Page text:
This distinction was even more pronounced when there was difference in social rank. As an international consultant of some reputation, I was always addressed as vous by my Rwandan colleague.  Jean-Baptiste had been educated in France, spoke as elegant a French as I have heard anywhere, was a very particular and proper person, and a respectful and respected professional.  At the same time over the course of the many months we had spent together over beers, discussing children, country, and life in general, he never switched to the more familiar form of address.  As with Danielle, my French friend, I tried many times without success to encourage the tu form; but he never took the bait, and for as long as I have known him, we have retained our formality.  I think of him as a friend, but I am not sure what he thinks.  The formality of language has challenged us to always refine our relationship, and let it take whatever course it must, whether or not friendship is at the end of the journey.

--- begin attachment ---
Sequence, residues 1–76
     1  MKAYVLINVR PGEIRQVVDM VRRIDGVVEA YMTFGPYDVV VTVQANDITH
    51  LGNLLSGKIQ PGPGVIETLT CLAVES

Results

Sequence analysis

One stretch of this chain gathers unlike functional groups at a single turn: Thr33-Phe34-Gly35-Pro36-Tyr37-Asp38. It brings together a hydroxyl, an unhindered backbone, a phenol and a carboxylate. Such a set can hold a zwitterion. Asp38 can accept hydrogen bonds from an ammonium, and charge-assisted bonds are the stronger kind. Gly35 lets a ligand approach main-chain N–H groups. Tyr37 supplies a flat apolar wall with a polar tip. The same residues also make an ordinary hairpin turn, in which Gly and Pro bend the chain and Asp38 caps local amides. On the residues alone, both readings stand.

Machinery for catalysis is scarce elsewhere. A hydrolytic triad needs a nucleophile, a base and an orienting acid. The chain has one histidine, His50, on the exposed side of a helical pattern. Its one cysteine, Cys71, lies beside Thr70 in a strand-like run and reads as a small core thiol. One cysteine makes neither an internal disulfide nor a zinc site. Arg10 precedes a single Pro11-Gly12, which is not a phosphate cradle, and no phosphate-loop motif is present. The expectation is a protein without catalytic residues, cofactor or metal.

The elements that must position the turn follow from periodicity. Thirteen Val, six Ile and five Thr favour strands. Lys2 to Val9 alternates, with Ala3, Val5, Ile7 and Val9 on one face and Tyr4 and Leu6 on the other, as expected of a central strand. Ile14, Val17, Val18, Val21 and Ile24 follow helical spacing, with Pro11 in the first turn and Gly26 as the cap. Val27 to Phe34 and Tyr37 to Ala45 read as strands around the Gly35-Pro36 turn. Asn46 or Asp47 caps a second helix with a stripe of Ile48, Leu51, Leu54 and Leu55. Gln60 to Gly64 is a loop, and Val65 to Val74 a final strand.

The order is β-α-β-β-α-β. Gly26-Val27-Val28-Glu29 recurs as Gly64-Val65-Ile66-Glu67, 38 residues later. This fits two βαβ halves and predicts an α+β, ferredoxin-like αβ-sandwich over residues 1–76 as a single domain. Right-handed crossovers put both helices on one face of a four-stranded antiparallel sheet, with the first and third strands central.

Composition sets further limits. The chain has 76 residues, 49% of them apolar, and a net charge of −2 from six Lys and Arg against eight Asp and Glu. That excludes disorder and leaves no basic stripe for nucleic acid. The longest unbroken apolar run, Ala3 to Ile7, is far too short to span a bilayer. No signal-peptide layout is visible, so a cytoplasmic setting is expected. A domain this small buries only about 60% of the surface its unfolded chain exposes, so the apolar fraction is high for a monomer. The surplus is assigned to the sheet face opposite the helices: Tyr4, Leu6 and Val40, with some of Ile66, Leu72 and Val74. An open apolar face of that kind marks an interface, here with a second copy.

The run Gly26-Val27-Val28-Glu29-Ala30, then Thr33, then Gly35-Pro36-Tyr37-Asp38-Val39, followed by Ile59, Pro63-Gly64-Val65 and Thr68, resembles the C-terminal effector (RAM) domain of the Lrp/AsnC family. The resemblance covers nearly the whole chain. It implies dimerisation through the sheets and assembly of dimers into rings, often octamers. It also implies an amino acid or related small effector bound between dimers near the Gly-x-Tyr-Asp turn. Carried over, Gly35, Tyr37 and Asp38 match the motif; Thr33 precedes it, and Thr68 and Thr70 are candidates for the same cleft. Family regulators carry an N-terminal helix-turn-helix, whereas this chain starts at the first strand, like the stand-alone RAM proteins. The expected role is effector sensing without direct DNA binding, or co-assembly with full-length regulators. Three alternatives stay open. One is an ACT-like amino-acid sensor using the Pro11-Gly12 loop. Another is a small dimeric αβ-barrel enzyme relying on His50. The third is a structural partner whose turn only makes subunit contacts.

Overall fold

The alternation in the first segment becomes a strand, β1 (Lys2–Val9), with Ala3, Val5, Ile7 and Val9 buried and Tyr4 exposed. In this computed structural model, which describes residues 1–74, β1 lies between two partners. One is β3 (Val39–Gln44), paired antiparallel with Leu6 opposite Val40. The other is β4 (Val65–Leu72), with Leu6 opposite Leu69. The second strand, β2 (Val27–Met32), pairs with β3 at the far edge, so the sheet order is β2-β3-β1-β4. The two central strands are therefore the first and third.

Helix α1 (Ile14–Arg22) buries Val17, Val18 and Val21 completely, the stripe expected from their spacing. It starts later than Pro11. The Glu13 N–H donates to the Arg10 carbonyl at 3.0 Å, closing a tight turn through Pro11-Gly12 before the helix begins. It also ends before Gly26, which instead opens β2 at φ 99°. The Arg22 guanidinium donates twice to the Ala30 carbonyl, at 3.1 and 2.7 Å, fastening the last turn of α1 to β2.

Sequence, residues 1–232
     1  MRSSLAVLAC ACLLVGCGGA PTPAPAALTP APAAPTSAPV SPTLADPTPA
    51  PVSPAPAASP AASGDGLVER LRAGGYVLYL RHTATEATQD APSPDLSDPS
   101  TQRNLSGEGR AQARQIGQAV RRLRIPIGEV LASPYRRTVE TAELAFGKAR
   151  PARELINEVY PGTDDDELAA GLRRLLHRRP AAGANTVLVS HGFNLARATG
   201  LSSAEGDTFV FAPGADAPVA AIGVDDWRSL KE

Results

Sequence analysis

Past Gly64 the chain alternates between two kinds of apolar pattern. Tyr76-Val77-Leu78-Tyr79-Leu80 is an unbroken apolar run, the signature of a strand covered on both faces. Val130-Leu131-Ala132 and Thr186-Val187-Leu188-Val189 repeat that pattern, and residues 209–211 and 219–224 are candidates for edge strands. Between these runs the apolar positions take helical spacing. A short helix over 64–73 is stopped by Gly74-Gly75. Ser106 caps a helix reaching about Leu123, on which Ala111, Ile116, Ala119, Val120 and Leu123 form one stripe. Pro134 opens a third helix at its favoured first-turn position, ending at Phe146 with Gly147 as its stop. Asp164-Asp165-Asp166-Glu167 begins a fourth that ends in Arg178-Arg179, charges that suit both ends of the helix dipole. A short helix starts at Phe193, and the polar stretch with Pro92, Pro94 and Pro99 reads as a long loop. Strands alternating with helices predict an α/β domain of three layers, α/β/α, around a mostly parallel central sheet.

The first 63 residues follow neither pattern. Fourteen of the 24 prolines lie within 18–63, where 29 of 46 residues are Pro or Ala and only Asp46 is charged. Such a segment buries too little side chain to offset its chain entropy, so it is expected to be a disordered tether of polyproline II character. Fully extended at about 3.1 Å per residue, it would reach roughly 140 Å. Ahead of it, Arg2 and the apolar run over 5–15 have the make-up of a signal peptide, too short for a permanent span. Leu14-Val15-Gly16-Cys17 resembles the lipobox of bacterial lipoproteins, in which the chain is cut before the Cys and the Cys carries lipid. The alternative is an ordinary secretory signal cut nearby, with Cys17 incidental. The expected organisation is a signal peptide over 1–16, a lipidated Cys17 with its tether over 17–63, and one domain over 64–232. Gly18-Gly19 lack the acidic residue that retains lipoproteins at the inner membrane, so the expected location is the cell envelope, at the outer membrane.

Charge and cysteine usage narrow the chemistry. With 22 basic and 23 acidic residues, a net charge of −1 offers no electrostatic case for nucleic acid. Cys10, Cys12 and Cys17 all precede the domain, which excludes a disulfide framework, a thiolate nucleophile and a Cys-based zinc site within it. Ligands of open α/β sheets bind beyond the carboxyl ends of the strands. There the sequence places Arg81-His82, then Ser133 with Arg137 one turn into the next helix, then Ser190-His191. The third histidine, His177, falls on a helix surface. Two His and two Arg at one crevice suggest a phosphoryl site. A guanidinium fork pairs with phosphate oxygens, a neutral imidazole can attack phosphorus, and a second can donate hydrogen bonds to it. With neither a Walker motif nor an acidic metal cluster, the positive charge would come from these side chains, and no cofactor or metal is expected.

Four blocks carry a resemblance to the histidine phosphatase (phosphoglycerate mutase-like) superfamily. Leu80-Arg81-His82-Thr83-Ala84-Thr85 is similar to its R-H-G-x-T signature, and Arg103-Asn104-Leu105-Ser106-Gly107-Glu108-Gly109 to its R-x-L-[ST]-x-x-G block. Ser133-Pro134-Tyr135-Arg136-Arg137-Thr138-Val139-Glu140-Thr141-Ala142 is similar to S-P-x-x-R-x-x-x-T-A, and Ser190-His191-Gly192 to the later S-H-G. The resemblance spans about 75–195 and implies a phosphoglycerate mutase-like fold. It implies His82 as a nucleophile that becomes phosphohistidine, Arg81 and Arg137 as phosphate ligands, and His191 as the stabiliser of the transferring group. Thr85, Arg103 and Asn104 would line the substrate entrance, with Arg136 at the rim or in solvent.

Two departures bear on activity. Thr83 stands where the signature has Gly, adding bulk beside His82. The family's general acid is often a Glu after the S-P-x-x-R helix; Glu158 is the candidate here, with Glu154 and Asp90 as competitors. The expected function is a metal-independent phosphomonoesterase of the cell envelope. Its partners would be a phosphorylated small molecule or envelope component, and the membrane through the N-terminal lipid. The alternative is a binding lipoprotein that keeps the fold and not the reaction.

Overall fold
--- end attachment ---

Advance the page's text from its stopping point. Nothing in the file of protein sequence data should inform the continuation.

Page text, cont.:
In most of West Africa, particularly among Africans who have not had the formal French education that Jean-Baptiste had, the tu form was immediate.  Even if I began the conversation using vous, the reply was always the informal tu.  This had less to do with the common assumption of friendship or camaraderie as it does in the United States, but because of simplicity.  Tu was part of a lingua franca – correct and proper French, but simplified to eliminate all the pesky endings of yet another verb form.  At the same time, there was an ease of communication in West Africa, people were on a more equal footing and the foreigner was just an interloper, regardless of breeding or education.  For both reasons, I felt more at ease and more at home in West Africa.